We recently took our annual camping trip to the Porcupine Mountains Wilderness State Park. Every year we do a long hike. This year we did 12 miles in the rugged terrain. We have had a lot of rain so the trails were even muddier than usual. We were constantly walking around the mud, even having to blaze new trails to get through. We did about 7 miles of this, when we came to the planned river crossing. At this particular crossing there did not appear to be a passible way a crossed safely. The water was flowing enough that if we tried to wade through we could easily get swept away. This caused some of us to want to turn back and go back the 7 or so miles back through the mud. It was determined that it was too late in the day and if we did that we would be walking through the muddy wilderness in the dark. We found a long log that appeared to go a crossed the river, my brother-in-law tested it out and made it a crossed safely. We all worked together and carefully and got the whole family and dogs to the other side. After that experience you certainly didn’t hear me complaining about the mud.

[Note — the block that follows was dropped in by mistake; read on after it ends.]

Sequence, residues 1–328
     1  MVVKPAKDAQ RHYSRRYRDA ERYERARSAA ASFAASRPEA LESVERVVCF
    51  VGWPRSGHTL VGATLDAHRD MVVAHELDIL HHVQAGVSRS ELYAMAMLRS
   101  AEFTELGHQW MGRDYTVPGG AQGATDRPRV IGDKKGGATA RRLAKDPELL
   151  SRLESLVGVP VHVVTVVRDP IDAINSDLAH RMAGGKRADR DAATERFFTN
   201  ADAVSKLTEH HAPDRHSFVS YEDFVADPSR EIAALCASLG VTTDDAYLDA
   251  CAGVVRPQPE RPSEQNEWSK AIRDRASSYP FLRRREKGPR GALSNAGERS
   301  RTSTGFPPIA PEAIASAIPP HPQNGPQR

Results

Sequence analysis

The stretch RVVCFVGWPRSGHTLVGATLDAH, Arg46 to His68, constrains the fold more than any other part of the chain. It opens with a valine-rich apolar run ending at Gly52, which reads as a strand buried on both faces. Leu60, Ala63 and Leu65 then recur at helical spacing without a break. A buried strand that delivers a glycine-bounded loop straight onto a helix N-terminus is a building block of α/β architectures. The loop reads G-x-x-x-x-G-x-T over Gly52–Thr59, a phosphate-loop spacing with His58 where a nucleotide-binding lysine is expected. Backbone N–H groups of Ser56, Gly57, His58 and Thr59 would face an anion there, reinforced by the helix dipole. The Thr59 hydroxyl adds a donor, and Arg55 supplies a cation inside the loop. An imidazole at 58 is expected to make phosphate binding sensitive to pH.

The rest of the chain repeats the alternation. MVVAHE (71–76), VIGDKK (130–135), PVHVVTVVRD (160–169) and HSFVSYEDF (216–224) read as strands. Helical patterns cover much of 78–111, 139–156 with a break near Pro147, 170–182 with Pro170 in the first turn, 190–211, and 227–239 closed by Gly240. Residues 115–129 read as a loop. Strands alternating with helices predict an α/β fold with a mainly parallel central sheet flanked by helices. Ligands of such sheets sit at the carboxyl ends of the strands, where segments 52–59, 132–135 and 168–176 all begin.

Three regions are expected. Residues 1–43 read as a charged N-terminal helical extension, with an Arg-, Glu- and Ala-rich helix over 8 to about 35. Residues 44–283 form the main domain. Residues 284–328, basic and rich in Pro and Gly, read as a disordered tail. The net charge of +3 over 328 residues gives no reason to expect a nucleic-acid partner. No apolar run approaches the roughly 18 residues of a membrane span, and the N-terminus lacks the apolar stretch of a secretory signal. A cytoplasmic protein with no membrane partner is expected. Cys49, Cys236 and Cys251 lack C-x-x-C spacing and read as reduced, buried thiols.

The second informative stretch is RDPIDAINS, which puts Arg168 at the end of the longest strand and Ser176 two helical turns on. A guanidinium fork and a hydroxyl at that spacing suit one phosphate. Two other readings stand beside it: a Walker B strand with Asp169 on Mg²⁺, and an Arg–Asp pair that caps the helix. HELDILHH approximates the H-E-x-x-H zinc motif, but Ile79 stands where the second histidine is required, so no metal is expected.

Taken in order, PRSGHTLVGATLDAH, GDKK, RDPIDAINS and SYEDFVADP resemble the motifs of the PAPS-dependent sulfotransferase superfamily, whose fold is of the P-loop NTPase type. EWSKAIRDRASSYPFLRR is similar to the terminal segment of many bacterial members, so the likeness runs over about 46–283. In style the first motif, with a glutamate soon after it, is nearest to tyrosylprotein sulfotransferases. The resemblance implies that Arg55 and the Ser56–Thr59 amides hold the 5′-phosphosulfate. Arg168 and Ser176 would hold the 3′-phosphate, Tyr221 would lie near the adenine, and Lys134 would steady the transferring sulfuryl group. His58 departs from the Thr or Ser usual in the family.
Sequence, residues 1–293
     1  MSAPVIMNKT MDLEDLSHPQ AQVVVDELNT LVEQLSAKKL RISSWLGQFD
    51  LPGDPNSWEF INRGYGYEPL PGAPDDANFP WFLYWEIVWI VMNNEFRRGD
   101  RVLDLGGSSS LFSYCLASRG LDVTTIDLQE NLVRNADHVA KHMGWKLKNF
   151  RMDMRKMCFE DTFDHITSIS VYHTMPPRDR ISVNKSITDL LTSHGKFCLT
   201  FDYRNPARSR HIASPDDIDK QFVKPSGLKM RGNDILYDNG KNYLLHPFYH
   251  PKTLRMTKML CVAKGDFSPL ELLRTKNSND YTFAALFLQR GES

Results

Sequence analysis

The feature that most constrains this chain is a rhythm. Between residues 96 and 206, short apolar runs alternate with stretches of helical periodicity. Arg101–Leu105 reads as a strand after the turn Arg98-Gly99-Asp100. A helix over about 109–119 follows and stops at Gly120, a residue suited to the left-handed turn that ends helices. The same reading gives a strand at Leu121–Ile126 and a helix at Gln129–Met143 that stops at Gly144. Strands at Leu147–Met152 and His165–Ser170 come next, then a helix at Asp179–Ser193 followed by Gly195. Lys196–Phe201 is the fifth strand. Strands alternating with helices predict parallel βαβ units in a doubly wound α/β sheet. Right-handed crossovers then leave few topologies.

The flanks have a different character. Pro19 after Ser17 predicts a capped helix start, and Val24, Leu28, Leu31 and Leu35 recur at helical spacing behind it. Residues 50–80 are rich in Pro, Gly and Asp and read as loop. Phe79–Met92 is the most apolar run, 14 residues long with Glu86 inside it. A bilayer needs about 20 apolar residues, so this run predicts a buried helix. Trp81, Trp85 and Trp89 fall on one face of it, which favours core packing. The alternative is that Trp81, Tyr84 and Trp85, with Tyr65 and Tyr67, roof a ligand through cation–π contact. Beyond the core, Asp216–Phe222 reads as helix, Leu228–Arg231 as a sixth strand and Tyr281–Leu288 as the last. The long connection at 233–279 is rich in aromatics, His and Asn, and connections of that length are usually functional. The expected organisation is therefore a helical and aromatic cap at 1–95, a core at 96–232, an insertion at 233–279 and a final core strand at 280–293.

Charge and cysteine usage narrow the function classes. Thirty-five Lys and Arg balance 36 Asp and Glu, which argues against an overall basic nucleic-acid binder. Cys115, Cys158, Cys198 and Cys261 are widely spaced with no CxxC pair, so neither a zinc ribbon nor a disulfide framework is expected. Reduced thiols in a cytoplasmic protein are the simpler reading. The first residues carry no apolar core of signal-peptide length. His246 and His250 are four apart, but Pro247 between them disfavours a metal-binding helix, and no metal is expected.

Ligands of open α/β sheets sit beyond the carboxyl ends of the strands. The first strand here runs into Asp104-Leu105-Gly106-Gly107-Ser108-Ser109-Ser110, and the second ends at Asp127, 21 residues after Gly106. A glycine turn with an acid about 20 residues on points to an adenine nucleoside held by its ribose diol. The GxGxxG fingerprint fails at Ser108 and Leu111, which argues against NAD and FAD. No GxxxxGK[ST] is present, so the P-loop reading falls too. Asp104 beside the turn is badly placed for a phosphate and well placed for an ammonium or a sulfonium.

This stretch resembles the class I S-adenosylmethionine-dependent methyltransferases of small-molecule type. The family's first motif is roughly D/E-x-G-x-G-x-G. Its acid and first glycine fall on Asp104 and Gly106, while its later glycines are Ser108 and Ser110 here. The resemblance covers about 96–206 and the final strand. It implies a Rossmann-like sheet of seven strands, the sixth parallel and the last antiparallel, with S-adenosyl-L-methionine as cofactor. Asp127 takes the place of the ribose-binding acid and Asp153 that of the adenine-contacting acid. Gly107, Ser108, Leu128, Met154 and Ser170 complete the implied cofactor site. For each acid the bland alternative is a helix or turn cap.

I came out of that experience feeling something strong, but wasn’t really sure what that feeling was until today. It reminded me that when the journey gets tough, and seems like there is no way to continue on, that turning around and going back the other way won’t fix it. Turning back to where you have been and going back into the mud and darkness will not help, but that we need to continue forward and trust that things will work out.
I’ve struggled with living in the past, constantly trying to relive the past – revisiting those muddy dark trails, when what I need to be doing is to keep going forward, over-coming the obstacles in front of me that will help me continue on my journey forward.
And, if it took a little nerve-wracking trip in the wilderness to give me this lesson, well, I’m glad that it happened.